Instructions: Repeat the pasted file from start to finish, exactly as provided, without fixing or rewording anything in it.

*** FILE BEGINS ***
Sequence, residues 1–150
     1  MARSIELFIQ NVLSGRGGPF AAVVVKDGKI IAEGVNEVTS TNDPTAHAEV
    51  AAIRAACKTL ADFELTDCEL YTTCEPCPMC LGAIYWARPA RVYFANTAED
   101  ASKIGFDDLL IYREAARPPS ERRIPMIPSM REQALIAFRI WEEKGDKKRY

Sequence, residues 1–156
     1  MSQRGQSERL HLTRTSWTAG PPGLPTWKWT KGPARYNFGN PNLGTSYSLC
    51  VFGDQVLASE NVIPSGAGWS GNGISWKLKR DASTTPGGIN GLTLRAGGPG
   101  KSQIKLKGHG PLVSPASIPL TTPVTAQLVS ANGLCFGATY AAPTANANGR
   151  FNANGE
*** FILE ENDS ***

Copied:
Sequence, residues 1–150
     1  MARSIELFIQ NVLSGRGGPF AAVVVKDGKI IAEGVNEVTS TNDPTAHAEV
    51  AAIRAACKTL ADFELTDCEL YTTCEPCPMC LGAIYWARPA RVYFANTAED
   101  ASKIGFDDLL IYREAARPPS ERRIPMIPSM REQALIAFRI WEEKGDKKRY

Sequence, residues 1–156
     1  MSQRGQSERL HLTRTSWTAG PPGLPTWKWT KGPARYNFGN PNLGTSYSLC
    51  VFGDQVLASE NVIPSGAGWS GNGISWKLKR DASTTPGGIN GLTLRAGGPG
   101  KSQIKLKGHG PLVSPASIPL TTPVTAQLVS ANGLCFGATY AAPTANANGR
   151  FNANGE